News: TechTalk with Masood Mortazavi: J2EE High Availablility JSR Lead
In this interview Masood talks about continuous availability in the J2EE environment. He discusses the significance of JSR 117 (J2EE APIs for Continuous Availability), components and design techniques required for continuous availability, and the challenges JSR 117 presents to J2EE container developers.
- Posted by: Nitin Bharti
- Posted on: December 20 2002 16:42 EST
Watch Masood Mortazavi's Interview Here
- TechTalk with Masood Mortazavi: J2EE High Availablility JSR Lead by James Hr on December 26 2002 00:45 EST
- TechTalk with Masood Mortazavi: J2EE High Availablility JSR Lead by Masood Mortazavi on December 27 2002 20:24 EST
- CMP state = Replicated Sessions? by Chandra Bommas on April 14 2003 16:06 EDT
Ok, so am I the only one surprised at how little (if any) attention is made to Stateful Session (SFS) beans in this talk. As it's name implies, I'm under the impression that this is the exact purpose of SFS beans. So technically, why aren't they the recommended practise to manage state?
Thank you for your observations. You're right in the sense that stateful session beans offer similar possibilities to CMP beans as far as HA is concerned. In my response to the relevant question as to which entity model offered the best possibilities, from a programming model/environment perspective as well as from an HA perspective, I have a bias or a taste for CMP beans because I've worked with them more and I believe they give you the most optimal balance for encapsulation of persistance model, transaction management and HA. However, again, theoretically speaking, stateful session beans can be just as good when it comes to purely HA aspects. So, if someone comes along and says they've developed an HA system such that the system only supports such beans and that applications are composed in frameworks built of such beans, it shouldn't surprise anyone. As far as whether HA is the "exact purpose" of the SFS beans, I would still want to differ from you. Entity beans of CMP variety give you the best bang for the buck when it comes to encapsulation and managability from the server perspective. While stateful session beans may be possible to use, patterns are more restricted and better understood for CMP beans when it comes to persistance and state management. I also think that pluggability of various persistance management layers into the CMP container may be a bit more easier to accomplish than the one for stateful session containers. This is for those who want to specialize their containers.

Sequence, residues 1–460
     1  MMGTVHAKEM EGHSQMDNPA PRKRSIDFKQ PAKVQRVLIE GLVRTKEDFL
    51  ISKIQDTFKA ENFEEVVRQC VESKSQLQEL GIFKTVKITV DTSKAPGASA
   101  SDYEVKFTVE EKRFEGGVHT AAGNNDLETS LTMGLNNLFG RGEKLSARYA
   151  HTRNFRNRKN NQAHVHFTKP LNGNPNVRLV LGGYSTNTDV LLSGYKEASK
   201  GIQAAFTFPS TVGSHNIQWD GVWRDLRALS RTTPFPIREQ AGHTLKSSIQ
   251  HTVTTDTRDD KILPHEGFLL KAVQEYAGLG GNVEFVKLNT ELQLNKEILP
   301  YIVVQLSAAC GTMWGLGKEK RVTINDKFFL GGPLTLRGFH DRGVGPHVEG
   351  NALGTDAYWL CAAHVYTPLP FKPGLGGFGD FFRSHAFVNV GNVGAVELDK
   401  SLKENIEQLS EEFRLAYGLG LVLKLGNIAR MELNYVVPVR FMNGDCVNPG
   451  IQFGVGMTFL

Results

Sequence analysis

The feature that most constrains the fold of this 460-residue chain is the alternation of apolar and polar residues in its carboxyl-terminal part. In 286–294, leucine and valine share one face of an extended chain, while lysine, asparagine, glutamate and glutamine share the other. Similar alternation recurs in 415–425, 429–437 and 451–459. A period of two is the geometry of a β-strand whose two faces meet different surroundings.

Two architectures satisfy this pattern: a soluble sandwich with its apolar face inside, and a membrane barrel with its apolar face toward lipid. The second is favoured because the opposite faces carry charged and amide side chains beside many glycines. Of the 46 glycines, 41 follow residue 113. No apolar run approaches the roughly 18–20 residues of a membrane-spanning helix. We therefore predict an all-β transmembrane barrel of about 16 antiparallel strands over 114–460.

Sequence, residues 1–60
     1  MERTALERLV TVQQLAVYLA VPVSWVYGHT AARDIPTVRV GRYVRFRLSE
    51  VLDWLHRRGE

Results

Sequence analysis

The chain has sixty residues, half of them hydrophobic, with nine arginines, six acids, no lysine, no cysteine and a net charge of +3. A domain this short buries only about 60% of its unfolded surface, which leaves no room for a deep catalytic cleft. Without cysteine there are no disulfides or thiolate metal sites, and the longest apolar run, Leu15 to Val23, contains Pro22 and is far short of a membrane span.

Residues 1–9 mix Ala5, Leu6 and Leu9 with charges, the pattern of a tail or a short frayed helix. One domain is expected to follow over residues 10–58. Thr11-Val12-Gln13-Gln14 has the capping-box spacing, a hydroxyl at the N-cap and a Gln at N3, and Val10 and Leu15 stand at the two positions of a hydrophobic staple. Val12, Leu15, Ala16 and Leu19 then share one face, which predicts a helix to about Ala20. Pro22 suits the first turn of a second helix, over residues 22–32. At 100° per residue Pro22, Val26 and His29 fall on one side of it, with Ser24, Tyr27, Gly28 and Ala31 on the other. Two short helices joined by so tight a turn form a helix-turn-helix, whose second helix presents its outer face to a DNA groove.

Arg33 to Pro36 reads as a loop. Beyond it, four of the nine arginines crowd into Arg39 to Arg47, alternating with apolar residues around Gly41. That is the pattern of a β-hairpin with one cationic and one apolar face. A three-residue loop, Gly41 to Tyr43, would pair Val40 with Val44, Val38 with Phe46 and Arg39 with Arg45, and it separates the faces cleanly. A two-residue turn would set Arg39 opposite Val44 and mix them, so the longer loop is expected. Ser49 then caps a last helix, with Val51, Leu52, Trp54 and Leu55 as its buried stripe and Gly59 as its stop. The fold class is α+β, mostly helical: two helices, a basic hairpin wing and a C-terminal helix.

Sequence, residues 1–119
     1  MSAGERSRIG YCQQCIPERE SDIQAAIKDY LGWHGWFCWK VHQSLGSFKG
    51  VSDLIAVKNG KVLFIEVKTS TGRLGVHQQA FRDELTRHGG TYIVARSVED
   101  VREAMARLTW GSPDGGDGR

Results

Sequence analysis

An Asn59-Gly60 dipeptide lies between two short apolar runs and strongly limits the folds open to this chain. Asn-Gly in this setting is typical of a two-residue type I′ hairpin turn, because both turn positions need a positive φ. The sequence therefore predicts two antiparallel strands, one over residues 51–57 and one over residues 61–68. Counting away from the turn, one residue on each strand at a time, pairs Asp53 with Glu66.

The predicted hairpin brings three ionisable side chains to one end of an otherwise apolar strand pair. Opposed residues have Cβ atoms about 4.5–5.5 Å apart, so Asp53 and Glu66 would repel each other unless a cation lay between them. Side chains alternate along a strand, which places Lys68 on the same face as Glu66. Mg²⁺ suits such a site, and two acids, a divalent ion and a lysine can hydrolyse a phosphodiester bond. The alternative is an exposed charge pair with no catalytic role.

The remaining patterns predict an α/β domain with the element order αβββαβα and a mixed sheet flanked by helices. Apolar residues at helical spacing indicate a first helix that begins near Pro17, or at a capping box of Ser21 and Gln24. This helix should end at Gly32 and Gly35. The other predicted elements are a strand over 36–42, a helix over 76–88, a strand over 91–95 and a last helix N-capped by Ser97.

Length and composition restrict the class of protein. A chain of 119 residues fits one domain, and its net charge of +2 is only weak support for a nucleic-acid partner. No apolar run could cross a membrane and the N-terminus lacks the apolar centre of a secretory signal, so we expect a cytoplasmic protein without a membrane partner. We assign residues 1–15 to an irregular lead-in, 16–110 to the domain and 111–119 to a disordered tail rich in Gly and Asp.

How does storing session state in CMPs compare with using replicated HTTP Sessions ( For web applications ) over a cluster of servers. Both these approaches seem similar to me.
Using CMP for session state implies persistance. Wouldn't one easily have a problem of sessions that grow larger and larger? Is there an idea of how to "clean" sessions once the session is over? A question that arises from this is "How do you know when the session is over"? (Again a web-application question)